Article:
On Tuesday, 13 August, the CFTC made a U-turn on a controversial issue: dual disclosure, reporting and record-keeping requirements for funds. Having beaten legal challenges brought against plans to impose two sets of rules on funds, one set by the CFTC and one set by the SEC, the CFTC in the end backed down, saying that compliance with the SEC’s rules would be accepted as substituted compliance for ‘substantially all’ of Part 4 of the CFTC’s regulations (which can be read here). The fact that the announcement says ‘substantially all’ not ‘all’ of the requirements should be a red flag for any funds trading in commodity interests (CPOs).
This taps into broader issues of delays and substituted compliance creating more complications for firms trying to implement the rules. Many rules have been delayed because regulators realised there were complexities that needed more time to be addressed, such as the recent European delay to Exchange-Traded Derivative (ETD) reporting under EMIR (here) and the recent 6-month delay to FATCA reporting. However, such delays do not per se address the complexities in any way. The question is what the regulators do during that delay. In the case of the ETD reporting delay, ESMA has promised new technical standards to clarify the issues, but these can in fact create more work as firms battle to interpret and implement the new rules.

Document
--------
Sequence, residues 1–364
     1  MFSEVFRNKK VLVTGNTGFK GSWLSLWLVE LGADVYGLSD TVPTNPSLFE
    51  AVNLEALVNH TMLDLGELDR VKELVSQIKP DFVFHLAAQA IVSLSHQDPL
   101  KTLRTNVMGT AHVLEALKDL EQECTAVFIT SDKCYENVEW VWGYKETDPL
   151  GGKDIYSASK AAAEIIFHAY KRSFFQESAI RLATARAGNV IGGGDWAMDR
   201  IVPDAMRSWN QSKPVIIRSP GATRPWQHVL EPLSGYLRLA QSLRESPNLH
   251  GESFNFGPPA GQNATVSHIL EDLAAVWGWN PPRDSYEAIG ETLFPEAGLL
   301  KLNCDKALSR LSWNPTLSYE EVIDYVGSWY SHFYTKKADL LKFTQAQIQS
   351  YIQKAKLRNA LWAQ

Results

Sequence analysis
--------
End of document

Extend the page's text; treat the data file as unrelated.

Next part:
So too, the offer of substituted compliance is no cure-all. For an example, on 1 September ESMA is expected to deliver its advice regarding the equivalence of OTC derivative rules between Europe and the US (here). However, rather than picking whether to comply with EMIR or Dodd-Frank, the regimes will be declared equivalent on a rule-by-rule basis, meaning that firms will still have to run the same analysis as they would have done otherwise in order to find out whether they are compliant or not.
The same is true of the CFTC’s announcement that SEC compliance can be substituted for ‘substantially all’ their purposes. In other words, firms should be carrying out a gap analysis now between the two sets of rules, the CFTC’s and the SEC’s, and assessing themselves against the aggregated rulebook.